The Misunderstood Nature of Complex Trauma

complex trauma trauma Jan 09, 2024

By:  Lauren Rudolph, LPC

EMDRIA Consultant

When it comes to trauma, there are still myths floating around out there, such as: Trauma is only something veterans and people who go through life-threatening situations experience. Some people may still think “trauma is only in your head” or it’s something that will negatively affect your life forever.

It wouldn’t be surprising then that complex trauma, a relatively new concept, has its misconceptions and lack of understanding out there. Complex trauma typically refers to trauma that occurs in childhood and is ongoing, such as emotional abuse and/or neglect, bullying, domestic violence, etc. It can also include traumas experienced in both childhood and adulthood.

Here are 4 things everyone needs to know about complex trauma:

1. Complex trauma is often what did not happen to you

We tend to think of trauma as something that happens to someone. However complex trauma allows us to understand that we can be traumatized by what didn’t happen, but was supposed to. One of the most common examples of this is neglect. Emotional neglect is even more difficult to spot than physical because physical neglect typically looks like not getting enough shelter, food, clothing, etc. Emotional neglect is when a caregiver or parent fails to meet the emotional needs of the child. This is traumatizing because our emotional needs are just as important as our physical needs. If our emotional needs go unmet growing up, we may be left feeling unsafe and unsettled.

Emotional neglect can be so difficult to spot because it can be unintentional. For example, a child who had a parent who was severely depressed when they were growing up or a caregiver who was sick and hospitalized for a while may have emotional needs that were not met, through no intention of that parent. I’ve found that unintentional emotional neglect is the most difficult for clients to talk about in therapy because they don’t want to place any blame or shame on the parent who may have done their best. So I work to create a space where we can understand, rather than judge or blame.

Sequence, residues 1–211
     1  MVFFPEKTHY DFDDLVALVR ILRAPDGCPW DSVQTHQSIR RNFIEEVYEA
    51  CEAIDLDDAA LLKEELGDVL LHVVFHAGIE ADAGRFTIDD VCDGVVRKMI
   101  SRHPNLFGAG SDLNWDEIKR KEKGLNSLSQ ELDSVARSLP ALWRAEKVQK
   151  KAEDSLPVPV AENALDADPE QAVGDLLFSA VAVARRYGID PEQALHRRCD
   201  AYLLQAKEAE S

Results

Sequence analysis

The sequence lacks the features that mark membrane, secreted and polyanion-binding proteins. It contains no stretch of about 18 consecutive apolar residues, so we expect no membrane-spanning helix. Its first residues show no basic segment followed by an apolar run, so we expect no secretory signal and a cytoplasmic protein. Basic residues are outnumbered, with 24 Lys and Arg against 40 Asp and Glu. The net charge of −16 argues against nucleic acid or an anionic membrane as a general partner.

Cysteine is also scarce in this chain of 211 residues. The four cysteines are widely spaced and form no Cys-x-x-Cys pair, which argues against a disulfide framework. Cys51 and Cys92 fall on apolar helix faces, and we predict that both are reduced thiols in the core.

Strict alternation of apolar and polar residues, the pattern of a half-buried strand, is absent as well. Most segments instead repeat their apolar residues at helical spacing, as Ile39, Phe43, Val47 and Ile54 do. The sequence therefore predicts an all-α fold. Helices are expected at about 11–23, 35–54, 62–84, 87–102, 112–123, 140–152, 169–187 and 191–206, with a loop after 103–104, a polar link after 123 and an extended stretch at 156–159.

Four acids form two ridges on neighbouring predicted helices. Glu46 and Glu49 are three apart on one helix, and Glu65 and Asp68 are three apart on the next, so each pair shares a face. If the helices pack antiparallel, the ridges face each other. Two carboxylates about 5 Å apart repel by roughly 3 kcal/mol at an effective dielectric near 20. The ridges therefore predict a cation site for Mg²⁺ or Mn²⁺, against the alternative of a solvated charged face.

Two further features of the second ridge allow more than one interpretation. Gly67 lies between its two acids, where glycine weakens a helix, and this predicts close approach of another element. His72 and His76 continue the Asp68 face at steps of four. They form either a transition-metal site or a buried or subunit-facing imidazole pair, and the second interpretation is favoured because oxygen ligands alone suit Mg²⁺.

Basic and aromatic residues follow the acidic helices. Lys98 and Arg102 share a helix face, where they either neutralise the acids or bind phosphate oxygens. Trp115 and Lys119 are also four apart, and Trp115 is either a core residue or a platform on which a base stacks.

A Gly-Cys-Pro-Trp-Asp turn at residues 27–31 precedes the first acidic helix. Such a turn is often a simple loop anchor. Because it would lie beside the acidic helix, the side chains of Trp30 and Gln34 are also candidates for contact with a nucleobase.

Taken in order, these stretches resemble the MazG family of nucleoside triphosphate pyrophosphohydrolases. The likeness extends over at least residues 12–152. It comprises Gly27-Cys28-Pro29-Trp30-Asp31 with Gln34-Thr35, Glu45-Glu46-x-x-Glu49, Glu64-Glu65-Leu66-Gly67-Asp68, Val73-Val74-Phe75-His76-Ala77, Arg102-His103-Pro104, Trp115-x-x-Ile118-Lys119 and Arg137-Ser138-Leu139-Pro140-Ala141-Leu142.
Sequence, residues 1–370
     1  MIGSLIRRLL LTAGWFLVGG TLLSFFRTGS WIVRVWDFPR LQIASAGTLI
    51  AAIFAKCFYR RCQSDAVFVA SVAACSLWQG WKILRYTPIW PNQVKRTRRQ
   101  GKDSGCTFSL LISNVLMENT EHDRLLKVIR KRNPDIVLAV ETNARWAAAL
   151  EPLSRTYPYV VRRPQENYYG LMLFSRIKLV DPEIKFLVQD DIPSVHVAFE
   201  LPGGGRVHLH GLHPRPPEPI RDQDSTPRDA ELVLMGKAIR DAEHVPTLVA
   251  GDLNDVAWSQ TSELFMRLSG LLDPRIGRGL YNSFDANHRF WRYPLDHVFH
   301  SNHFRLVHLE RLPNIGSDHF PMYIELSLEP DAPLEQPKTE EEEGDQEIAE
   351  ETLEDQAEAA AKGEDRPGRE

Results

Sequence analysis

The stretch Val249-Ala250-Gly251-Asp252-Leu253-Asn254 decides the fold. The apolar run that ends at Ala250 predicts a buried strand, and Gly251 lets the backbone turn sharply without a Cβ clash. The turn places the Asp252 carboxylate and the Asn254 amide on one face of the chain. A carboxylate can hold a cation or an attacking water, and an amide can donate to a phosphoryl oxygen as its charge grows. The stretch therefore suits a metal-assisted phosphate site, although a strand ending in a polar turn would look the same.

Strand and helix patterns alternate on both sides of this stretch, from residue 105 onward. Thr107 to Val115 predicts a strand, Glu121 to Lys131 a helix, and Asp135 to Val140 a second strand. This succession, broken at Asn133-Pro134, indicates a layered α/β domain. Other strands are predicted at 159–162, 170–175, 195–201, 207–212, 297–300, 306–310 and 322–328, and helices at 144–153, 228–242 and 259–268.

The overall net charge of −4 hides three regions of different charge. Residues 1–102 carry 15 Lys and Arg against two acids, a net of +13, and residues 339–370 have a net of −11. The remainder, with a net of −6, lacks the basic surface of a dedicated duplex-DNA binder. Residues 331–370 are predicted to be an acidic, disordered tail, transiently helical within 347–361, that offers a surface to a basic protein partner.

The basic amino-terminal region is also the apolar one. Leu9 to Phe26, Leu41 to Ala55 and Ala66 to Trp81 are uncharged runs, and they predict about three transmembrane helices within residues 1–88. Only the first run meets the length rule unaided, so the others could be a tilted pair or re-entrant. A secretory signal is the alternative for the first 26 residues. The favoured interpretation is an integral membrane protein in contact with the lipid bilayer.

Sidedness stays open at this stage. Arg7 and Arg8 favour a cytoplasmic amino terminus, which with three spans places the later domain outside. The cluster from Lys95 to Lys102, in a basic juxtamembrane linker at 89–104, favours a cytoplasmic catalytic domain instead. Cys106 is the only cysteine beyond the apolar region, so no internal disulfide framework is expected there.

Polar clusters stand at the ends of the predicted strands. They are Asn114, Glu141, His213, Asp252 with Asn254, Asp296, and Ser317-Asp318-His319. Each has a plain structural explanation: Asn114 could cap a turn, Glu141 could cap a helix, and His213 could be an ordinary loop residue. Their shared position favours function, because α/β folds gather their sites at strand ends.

2. Children are more likely to be traumatized compared to adults

Adults in therapy to address childhood trauma sometimes have a difficult time understanding how something that doesn’t seem “that bad” now could have affected them in a significant way. I think this happens because, as adults, we often forget how small and helpless a child is, and how dependent they are on their caregivers to keep them safe, protect them from harm, and ensure their survival. Children are so highly dependent on their caregivers to survive, which means that they can be more easily traumatized by those caregivers. Also, a child’s nervous system is not fully developed, which means that they have less of an ability to regulate their emotions and manage overwhelming situations.

3. Complex trauma is difficult to accept, especially for survivors

At some point during therapy when working with a survivor of childhood trauma, I often hear them start saying things like, “Maybe it wasn’t so bad” or “I don’t know if this was real”. This seems to happen for different reasons. One is that things were so bad that it is difficult to believe that all those bad things happened to that one child. Another reason is that things were good at times, and parents did try their best, yet the child still experienced trauma, and it’s difficult to reconcile these two different experiences happening to one person. It’s important to keep in mind that everyone understands and accepts their experiences in their own time. As a therapist, my job is to hold space for them, not to push my beliefs or expectations onto the person I am working with in therapy. Similar to grief, acceptance can come and go in waves throughout the person’s healing journey.

4. Complex trauma has a silver lining

This is a line I borrowed from Pete Walker, who has written a few books about complex trauma. He explains that because responses to trauma are learned, they can be unlearned. Some mental illnesses are not this way and are based on genetics and cannot be unlearned. This means we’re not stuck with the effects of trauma for the rest of our lives. We can learn new ways of thinking, new beliefs about ourselves and the world, and new ways of engaging with people and ourselves.

Want to learn more about Complex Trauma and Dissociation? Check out the following trainings offered by Trauma Specialists Training Institute:
- A Closer Look at Complex Trauma and Dissociation
- Ego State Interventions and EMDR


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